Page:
3 Keys to Thriving Financially as a Single Mom
1. Use the time + money + energy equation to create abundance in every part of your life.
2. Create a lifestyle that you can afford now (not when you were married, or where you hope to be in 2 years. Now.), including a savings plan for emergencies and retirement.
3. Focus on earning.
This is a recipe for wealth that affects all areas of life, and nearly every decision you will make. All three elements — earning, budget, and resources spent — are all intimately intertwined. To understand how, let’s look at the last one.
Focus on earning
When you’re going through a life change, whether divorce, death of a loved one, new baby, job change, relocation, in the likely event that money, time and/or human resources are reduced, the natural impulse is to tighten up and hunker down. Frugality is a wonderful, powerful thing—one I urge you to cultivate and maintain throughout your life, even when you have money coming out your ears. Frugality has nothing to do with how much you earn or spend, and everything to do about being conscientious about your resources—money and otherwise—and managing them with a sense of gratitude and abundance to make your life and the world around you better.
Frugality, however, can be a slippery slope to a scarcity mentality. Scarcity mentality is the belief that all your resources—money, jobs, love—are limited and must be hoarded. Here’s a classic example: Your husband announces he’s having an affair, and leaves within a week. He earns more than half the household income, all of which he takes with him when he moves out of the house he shared with you and your two kids, and into the apartment of his mistress. You, understandably, panic. Your bills are beyond what you can afford on your own. The payment on your house is huge. Your name is on the mortgage, which puts your credit at risk.
You quickly go through the monthly expenses and start slashing like mad. That is exactly what you should do! Gym membership that you never use, canceled! Tell the kids that this time you will indeed enforce the household rule that the thermostat will not go above 66 degrees in the winter, commit to doing your own nails and cancel the Christmas trip to the Bahamas.
Is this you? I’m loving this story, and it is exactly what you should be doing (though, 68 degrees maybe?).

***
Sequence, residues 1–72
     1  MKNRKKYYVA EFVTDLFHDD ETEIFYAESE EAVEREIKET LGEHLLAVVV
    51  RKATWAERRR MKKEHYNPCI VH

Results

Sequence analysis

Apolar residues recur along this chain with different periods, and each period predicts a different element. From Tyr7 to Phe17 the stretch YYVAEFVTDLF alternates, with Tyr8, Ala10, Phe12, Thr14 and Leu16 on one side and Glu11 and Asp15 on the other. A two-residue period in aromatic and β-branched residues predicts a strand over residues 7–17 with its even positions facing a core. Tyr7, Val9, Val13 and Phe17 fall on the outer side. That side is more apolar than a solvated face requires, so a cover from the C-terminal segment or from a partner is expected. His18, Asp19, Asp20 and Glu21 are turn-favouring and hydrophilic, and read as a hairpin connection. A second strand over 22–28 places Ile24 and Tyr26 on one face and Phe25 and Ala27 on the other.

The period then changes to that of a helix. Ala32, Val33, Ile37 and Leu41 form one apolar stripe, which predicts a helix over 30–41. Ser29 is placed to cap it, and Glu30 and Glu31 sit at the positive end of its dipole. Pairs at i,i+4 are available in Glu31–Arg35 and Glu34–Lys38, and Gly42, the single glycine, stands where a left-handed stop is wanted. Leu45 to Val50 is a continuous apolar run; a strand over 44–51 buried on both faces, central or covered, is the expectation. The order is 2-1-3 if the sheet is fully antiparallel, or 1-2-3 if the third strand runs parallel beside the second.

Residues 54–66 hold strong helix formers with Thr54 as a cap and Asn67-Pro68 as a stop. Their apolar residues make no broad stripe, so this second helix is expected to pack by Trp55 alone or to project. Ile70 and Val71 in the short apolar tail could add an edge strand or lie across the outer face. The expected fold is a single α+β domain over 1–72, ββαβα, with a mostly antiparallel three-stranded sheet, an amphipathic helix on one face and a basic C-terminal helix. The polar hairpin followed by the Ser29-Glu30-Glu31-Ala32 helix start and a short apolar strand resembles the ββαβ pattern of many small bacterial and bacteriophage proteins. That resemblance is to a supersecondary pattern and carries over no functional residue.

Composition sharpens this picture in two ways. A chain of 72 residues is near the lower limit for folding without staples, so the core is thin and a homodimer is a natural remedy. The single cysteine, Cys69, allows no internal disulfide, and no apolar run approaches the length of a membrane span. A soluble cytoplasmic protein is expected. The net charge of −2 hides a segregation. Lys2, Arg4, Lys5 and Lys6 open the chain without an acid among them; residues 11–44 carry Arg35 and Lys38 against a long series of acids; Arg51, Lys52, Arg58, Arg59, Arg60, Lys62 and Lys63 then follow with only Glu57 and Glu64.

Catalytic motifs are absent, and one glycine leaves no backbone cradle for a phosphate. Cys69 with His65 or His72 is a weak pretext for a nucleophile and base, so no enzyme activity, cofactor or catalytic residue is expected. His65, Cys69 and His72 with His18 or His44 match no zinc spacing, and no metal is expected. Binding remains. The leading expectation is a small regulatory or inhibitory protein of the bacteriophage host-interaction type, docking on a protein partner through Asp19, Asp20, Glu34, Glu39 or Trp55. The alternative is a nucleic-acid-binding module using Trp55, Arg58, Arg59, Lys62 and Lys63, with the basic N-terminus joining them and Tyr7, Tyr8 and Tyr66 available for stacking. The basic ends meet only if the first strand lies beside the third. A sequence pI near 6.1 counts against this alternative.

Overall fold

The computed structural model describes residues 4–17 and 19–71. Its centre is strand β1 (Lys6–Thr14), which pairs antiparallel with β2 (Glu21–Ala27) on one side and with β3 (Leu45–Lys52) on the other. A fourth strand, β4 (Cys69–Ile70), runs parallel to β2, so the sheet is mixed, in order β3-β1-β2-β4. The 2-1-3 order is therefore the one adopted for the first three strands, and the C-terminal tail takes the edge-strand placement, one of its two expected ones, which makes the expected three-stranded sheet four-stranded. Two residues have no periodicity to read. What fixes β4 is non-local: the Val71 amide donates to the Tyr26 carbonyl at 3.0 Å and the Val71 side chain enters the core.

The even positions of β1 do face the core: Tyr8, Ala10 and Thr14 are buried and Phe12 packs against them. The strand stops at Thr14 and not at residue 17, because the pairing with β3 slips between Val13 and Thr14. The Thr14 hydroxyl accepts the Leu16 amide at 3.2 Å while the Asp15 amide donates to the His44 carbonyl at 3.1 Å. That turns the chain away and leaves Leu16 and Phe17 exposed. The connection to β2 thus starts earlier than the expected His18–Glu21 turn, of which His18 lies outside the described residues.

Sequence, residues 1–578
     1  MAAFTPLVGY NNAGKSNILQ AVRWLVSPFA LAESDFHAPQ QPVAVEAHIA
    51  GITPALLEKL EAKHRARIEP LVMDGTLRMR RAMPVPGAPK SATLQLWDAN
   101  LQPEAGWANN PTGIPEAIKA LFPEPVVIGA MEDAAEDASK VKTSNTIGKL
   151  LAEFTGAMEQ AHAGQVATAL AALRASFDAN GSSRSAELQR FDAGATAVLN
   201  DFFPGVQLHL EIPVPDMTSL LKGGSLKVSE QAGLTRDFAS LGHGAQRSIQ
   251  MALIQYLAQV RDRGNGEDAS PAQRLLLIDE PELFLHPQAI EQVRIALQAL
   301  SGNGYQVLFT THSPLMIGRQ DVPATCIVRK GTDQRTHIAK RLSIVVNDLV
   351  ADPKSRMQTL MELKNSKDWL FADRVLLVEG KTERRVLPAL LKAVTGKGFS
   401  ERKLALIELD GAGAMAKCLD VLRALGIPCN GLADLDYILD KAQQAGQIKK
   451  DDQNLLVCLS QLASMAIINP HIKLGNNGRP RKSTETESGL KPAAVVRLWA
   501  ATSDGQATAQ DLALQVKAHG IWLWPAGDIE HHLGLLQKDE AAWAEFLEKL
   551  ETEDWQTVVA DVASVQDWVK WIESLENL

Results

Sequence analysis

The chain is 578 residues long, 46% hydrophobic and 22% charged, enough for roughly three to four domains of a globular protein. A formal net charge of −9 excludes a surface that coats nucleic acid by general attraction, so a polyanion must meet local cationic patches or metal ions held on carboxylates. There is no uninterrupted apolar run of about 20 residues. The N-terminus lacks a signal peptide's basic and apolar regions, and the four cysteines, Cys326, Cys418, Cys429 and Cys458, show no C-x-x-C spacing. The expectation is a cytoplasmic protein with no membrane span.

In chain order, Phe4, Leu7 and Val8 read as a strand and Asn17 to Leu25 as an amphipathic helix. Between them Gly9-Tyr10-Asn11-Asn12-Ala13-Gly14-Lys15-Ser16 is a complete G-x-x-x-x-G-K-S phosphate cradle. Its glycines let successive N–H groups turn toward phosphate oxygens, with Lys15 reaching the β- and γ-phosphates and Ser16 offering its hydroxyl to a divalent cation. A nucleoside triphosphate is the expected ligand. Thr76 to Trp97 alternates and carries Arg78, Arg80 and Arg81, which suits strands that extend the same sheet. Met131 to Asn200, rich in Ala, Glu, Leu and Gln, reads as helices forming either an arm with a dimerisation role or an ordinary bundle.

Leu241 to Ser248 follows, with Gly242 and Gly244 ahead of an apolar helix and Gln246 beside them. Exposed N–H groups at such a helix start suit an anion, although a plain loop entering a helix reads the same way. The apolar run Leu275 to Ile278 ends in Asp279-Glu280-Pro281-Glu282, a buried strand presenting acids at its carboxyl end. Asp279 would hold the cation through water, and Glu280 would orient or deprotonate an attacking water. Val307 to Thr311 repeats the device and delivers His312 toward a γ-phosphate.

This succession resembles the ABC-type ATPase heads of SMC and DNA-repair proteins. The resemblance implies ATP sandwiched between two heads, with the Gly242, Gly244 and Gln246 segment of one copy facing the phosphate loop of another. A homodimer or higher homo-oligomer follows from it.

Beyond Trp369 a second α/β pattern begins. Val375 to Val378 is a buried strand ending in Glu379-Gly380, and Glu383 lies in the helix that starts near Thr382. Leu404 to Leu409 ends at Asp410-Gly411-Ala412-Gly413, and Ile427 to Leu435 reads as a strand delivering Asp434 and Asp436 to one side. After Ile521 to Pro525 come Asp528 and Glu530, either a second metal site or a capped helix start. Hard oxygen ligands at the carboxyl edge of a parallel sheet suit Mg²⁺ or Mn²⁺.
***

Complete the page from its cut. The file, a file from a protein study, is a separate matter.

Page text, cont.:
However, let’s look at the math. Aside from the vacation, those cut-backs add up to a couple hundred dollars per month. That is not going to make a significant difference in your ability to afford what was a two-income household, much less afford a large mortgage that was financed with two salaries.
A common mistake is when people panic—and moms are especially prone to this—they focus on how much they can save each month. Savings and frugal living are passions of mine, and comes with all kids of residual benefits aside from immediate cost savings. In fact, I argue you should NOT clip coupons. Clipping coupons requires hours per month with very little return on investment of that time. Instead, the absolute best, proven way to get ahead financially in the short- and long-term, build wealth, take control of your time, and have the freedom to create a life for yourself and your kids is to focus on earning.
Let’s say that in addition to slashing the fat from your budget, renegotiate your phone plan and commit to a few Crockpot dinners en lieu of take-out each month, that newly single mom also commits to a plan to earn more money. The residual benefits are astronomic.
In the example above, if the mom after receiving the “Peace Out” bomb from her kids’ dad, committed her lunch hour and Saturday afternoons to freshening up her resume, working her network like crazy, applying for new positions and / or strategizing with her boss about her career goals. Within a few months it is very reasonable she could increase her income by five-figures—income very much needed immediately, and have residual financial and professional benefits for the rest of her life. Plus, by focusing not on the Sunday Clipper, but on big goals and investing in her own worth, she actually gains very real control over a chaotic situation.
Many women find that single motherhood is a fantastic motivator for driving them to risk going for their professional goals—and earning a lot of money along the way. Christina Brown, 28, launched LoveBrownSugar.com, a lifestyle blog for women of color, as a hobby project while she earned about $50,000 per year working in public relations in New York City. When she became pregnant, and a single mom, Christina jumped fulltime into her entrepreneurial endeavor. “I had to kick it into high gear when found out I was having a baby, and was a big motivator to earn to take care of her.” Motherhood drove Christina to increase her blog’s adverting rates, double down on strategy, and button up her processes. Within three years, LoveBrownSugar.com went from $0 to $100,000 in revenue, while Christina works from home and spends lots of time with her daughter, who often models toddler fashion on her mom’s web sites.
Money, of course, isn’t just about surviving, paying the bills, securing a future and enjoying nice things. Building a great career that you love, modeling that passion and success for your children, is incredibly satisfying — especially when you accomplish it in the face of what you believed was impossible.
Adapted from THE KICKASS SINGLE MOM by Emma Johnson with the permission of TarcherPerigee, an imprint of Penguin Random House. Copyright © 2017 by Emma Johnson.